Intraocular pressure increases after complex simulated surgical procedures in residents: an experimental study
Surgeons’ overload is one of the main causes of medical errors that might compromise patient safety. Due to the drawbacks of current options to monitor surgeons’ load, new, sensitive, and objective indices of task (over)load need to be considered and tested. In non-health-care scenarios, intraocular pressure (IOP) has been proved to be an unbiased physiological index, sensitive to task complexity (one of the main variables related to overload), and time on task. In the present study, we assessed the effects of demanding and complex simulated surgical procedures on surgical and medical residents’ IOP.
Thirty-four surgical and medical residents and healthcare professionals took part in this study (the experimental group, N = 17, and the control group, N = 17, were matched for sex and age). The experimental group performed two simulated bronchoscopy procedures that differ in their levels of complexity. The control group mimicked the same hand-eye movements and posture of the experimental group to help control for the potential effects of time on task and re-measurement on IOP. We measured IOP before and after each procedure, surgical performance during procedures, and perceived task complexity.
IOP increased as consequence of performing the most complex procedure only in the experimental group. Consistently, residents performed worse and reported higher perceived task complexity for the more complex procedure.
Our data show, for the first time, that IOP is sensitive to residents’ task load, and it could be used as a new index to easily and rapidly assess task (over)load in healthcare scenarios. An arousal-based explanation is given to describe IOP variations due to task complexity.
KeywordsCognitive load Mental workload Patient safety Neuroergonomics Ocular biomarkers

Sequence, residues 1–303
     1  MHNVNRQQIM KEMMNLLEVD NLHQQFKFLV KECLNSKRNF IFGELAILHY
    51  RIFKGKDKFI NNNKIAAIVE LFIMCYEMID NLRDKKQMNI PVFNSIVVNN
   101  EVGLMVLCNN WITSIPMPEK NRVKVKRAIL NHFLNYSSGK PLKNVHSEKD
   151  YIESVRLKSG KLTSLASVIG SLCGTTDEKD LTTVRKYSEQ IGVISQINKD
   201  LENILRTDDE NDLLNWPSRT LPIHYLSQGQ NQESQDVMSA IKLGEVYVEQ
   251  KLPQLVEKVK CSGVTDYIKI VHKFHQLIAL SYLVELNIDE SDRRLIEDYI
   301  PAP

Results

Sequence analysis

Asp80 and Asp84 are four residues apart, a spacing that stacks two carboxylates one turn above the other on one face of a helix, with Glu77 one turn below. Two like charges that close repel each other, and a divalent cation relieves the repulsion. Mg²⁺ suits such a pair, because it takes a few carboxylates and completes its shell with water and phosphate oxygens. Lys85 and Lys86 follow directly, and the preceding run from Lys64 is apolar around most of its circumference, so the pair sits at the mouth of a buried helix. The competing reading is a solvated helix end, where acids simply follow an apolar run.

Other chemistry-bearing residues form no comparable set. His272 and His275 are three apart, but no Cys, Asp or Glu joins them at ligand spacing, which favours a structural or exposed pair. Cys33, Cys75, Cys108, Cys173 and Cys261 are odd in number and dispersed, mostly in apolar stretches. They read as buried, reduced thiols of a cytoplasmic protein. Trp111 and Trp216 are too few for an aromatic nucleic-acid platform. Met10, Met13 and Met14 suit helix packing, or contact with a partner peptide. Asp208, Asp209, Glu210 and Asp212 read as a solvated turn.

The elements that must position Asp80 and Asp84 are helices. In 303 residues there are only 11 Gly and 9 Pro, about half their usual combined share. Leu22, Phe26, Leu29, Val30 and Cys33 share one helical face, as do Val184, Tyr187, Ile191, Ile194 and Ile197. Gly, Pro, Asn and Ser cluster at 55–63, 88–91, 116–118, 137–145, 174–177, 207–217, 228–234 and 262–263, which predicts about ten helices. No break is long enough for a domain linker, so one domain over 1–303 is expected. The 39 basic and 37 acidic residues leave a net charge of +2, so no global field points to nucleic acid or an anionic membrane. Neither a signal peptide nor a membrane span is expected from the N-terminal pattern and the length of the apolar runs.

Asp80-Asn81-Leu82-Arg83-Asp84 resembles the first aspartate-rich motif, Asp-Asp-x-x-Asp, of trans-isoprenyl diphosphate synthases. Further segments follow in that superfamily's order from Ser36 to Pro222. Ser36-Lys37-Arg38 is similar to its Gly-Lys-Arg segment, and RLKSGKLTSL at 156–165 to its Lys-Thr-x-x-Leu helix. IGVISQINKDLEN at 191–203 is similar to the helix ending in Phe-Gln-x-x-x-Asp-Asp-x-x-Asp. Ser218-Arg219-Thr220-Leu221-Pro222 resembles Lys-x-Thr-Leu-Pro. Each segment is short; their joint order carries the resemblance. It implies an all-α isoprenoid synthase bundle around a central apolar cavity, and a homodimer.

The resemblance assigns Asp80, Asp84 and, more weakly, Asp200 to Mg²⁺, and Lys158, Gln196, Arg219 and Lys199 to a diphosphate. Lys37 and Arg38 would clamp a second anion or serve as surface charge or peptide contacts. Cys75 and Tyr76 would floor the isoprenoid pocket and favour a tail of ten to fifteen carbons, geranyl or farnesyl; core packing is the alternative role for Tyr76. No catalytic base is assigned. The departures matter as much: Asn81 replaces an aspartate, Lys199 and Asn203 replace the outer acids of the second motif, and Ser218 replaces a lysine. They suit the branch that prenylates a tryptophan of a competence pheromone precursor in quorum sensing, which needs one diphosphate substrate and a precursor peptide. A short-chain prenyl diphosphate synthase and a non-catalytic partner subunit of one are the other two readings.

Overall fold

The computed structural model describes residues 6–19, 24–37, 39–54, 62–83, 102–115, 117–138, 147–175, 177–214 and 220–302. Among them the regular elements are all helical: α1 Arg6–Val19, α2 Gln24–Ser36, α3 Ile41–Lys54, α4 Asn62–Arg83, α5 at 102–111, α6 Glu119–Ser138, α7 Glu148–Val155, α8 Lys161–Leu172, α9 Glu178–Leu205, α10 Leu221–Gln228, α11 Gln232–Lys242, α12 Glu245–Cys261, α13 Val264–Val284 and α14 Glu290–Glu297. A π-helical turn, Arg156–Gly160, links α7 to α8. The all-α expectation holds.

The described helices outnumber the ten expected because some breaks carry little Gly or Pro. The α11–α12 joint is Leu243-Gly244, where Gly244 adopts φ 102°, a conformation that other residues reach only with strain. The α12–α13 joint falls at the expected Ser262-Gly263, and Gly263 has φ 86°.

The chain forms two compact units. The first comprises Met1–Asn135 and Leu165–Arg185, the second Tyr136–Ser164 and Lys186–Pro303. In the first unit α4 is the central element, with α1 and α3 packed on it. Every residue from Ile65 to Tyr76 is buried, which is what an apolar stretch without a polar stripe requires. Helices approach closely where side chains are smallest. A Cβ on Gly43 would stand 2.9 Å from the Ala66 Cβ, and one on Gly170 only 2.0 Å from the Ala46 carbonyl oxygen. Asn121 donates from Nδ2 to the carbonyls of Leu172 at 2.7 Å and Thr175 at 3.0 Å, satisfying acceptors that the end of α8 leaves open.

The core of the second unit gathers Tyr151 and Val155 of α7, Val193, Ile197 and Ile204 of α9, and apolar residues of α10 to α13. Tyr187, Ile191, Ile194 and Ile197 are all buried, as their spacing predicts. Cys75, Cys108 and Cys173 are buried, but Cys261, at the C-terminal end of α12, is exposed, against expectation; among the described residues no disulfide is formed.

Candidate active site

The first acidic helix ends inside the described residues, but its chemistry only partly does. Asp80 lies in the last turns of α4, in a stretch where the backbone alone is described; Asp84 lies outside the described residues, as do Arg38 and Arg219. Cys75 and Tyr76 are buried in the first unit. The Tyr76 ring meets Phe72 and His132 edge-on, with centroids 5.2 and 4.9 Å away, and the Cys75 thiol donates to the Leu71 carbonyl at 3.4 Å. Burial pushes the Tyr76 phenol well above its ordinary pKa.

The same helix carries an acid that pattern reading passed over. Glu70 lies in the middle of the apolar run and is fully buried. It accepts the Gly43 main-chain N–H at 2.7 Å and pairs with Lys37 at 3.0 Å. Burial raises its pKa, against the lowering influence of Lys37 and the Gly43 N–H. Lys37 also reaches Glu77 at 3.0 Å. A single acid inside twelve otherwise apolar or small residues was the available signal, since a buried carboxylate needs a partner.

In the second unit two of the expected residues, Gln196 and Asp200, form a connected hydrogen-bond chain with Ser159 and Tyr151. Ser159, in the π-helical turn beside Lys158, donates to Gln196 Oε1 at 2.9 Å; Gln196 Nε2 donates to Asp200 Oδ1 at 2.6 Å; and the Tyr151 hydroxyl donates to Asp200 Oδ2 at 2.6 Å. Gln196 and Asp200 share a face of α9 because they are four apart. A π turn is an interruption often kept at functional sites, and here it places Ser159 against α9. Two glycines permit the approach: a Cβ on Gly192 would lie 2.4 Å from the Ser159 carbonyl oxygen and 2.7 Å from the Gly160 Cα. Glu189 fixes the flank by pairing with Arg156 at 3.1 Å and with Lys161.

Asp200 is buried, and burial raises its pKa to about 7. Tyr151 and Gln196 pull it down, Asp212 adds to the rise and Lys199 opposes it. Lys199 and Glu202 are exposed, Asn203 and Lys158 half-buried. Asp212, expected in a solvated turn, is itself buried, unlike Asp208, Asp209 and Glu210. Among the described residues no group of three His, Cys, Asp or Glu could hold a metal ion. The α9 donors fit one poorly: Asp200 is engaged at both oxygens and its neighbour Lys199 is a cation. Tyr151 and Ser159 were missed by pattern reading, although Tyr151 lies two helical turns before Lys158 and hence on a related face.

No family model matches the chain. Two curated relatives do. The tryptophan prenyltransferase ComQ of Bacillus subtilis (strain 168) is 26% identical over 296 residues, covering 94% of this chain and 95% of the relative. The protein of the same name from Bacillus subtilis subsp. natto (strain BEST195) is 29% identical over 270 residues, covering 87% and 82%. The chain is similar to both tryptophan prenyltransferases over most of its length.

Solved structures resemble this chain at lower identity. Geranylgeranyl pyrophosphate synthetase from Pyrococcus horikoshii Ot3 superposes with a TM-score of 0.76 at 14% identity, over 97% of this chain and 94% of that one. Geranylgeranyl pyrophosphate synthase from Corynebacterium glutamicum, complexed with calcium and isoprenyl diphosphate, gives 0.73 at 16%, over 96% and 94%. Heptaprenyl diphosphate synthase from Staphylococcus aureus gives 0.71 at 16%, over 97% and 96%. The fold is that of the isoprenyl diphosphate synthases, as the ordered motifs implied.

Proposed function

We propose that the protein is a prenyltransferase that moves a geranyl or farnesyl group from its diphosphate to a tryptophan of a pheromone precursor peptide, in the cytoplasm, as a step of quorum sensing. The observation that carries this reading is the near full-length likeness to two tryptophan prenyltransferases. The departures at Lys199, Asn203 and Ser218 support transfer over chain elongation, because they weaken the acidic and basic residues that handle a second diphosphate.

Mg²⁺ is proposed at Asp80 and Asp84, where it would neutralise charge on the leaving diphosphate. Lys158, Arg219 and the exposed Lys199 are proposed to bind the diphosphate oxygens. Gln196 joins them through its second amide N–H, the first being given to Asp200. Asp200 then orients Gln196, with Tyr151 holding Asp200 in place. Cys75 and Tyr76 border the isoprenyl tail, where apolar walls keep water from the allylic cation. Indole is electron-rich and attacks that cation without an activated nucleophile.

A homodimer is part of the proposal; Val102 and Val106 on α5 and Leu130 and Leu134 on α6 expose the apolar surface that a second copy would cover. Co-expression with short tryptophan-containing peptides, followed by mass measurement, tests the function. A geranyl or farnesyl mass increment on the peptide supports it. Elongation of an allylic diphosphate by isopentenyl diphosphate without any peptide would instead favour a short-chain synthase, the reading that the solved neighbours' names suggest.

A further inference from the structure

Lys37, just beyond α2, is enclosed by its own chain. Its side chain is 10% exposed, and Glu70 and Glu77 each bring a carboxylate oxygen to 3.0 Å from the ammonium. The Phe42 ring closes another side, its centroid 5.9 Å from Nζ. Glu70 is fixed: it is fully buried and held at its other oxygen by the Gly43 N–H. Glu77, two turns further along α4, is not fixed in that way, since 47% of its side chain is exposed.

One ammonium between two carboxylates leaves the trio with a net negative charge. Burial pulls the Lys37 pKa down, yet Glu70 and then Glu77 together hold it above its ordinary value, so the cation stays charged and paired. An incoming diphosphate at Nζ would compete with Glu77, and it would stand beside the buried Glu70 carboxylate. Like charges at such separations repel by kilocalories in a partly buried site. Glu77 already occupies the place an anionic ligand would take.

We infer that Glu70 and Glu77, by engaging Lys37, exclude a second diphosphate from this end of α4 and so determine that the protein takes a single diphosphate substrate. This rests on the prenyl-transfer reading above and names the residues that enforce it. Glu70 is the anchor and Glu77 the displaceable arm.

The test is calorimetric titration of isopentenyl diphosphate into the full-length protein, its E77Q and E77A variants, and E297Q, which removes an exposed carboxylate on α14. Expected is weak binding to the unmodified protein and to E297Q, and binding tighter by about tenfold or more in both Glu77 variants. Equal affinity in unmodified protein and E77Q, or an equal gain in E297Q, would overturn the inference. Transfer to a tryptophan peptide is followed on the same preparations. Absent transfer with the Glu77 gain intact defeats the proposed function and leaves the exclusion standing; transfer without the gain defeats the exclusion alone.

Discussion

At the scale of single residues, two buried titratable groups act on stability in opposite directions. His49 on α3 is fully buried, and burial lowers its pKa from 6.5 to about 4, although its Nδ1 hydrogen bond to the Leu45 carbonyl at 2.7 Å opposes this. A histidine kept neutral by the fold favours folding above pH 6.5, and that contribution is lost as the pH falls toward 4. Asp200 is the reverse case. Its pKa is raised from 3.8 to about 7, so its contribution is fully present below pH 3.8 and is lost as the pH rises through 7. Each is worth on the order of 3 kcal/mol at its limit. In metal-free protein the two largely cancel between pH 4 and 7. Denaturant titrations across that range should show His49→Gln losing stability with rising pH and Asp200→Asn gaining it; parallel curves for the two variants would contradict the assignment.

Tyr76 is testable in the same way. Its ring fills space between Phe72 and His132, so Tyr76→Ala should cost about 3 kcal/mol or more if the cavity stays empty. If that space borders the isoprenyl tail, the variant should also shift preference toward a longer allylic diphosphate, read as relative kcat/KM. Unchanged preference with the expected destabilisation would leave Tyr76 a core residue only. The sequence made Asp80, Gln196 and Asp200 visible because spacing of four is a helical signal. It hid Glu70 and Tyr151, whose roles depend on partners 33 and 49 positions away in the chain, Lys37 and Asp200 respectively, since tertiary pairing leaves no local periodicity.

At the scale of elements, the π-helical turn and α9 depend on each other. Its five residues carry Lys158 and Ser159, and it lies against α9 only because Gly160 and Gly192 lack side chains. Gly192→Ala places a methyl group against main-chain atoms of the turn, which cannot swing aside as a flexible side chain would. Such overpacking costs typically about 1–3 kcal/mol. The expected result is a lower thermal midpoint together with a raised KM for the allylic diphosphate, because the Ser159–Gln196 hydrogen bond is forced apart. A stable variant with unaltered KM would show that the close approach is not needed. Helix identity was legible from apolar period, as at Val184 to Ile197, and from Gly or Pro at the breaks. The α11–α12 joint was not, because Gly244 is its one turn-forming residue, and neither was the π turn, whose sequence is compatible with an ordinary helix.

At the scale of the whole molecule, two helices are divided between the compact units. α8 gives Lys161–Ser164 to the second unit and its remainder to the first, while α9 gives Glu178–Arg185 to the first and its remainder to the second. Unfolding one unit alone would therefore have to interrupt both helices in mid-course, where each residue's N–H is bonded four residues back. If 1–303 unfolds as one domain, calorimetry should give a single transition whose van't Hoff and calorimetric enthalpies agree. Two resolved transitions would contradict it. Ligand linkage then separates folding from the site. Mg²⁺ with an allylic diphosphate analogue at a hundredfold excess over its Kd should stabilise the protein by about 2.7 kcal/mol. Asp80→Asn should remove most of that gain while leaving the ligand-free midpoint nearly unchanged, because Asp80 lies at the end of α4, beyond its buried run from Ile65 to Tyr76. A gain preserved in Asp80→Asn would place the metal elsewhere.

Research by LLDS was supported by the BBVA Foundation, Madrid, Spain (Grant No. 2015-2) and is currently supported by the Ramón y Cajal fellowship program (RYC-2015-17483). We thank IAVANTE staff (Andalusian Public Foundation for Progress and Health) for their help during data collection. We thank Dr. G. A. Koulieris (Inria, Université Côte d’Azur, France) for proofreading the paper.
This study was funded by the Campus of International Excellence (BioTic Granada) Research Programme (Research Project V7-2015 to CDP). The funding source had no role in the design or conduct of this study.
Compliance with ethical standards
Drs. Vera, Diaz-Piedra, Jiménez, Sanchez-Carrion, and Di Stasi have no conflicts of interest or financial ties to disclose.
- 8.Ruiz-Rabelo JF, Navarro-Rodriguez E, Di-Stasi LL, Diaz-Jimenez N, Cabrera-Bermon J, Diaz-Iglesias C, Gomez-Alvarez M, Briceño-Delgado J (2015) Validation of the NASA-TLX score in ongoing assessment of mental workload during a laparoscopic learning curve in bariatric surgery. Obes Surg 25:2451–2456. https://doi.org/10.1007/s11695-015-1922-1 CrossRefGoogle Scholar
- 27.Morales JM, Díaz-Piedra C, Rieiro H, Roca-González J, Romero S, Catena A, Fuentes LJ, Di Stasi LL (2017) Monitoring driver fatigue using a single-channel electroencephalographic device: a validation study by gaze-based, driving performance, and subjective data. Accid Anal Prev 109:62–69. https://doi.org/10.1016/j.aap.2017.09.025 CrossRefGoogle Scholar
- 33.Apfelbaum JL, Hagberg CA, Caplan RA, Blitt CD, Connis RT, Nickinovich DG, Benumof JL, Berry FA, Bode RH, Cheney FW (2013) Practice guidelines for management of the difficult airwayan updated report by the American Society of Anesthesiologists Task Force on management of the difficult airway. J Am Soc Anesthesiol 118:251–270CrossRefGoogle Scholar
- 34.Manski CF (2013) Diagnostic testing and treatment under ambiguity: using decision analysis to inform clinical practice. Proc Natl Acad Sci. https://doi.org/10.1073/pnas.1221405110/-/DCSupplemental Google Scholar
- 38.Hoddes E, Zarcone V, Dement W (1972) Development and use of Stanford Sleepiness scale (SSS). Psychophysiology 9:150Google Scholar
- 39.Hart SG, Staveland LE (1988) Development of NASA-TLX (task load index): Results of empirical and theorical research. In: Hum. Ment. Workload. pp 139–183Google Scholar
- 50.Jackson ML, Kennedy GA, Clarke C, Gullo M, Swann P, Downey LA, Hayley AC, Pierce RJ, Howard ME (2016) The utility of automated measures of ocular metrics for detecting driver drowsiness during extended wakefulness. Accid Anal Prev 87:127–133. https://doi.org/10.1016/j.aap.2015.11.033 CrossRefGoogle Scholar
- 55.Stefanidis D, Korndorffer JR, Black FW, Dunne JB, Sierra R, Touchard CL, Rice DA, Markert RJ, Kastl PR, Scott DJ (2006) Psychomotor testing predicts rate of skill acquisition for proficiency-based laparoscopic skills training. Surgery 140:252–262. https://doi.org/10.1016/j.surg.2006.04.002 CrossRefGoogle Scholar
- 57.Yamaguchi S, Konishi K, Yasunaga T, Yoshida D, Kinjo N, Kobayashi K, Ieiri S, Okazaki K, Nakashima H, Tanoue K, Maehara Y, Hashizume M (2007) Construct validity for eye-hand coordination skill on a virtual reality laparoscopic surgical simulator. Surg Endosc Other Interv Tech 21:2253–2257. https://doi.org/10.1007/s00464-007-9362-1 CrossRefGoogle Scholar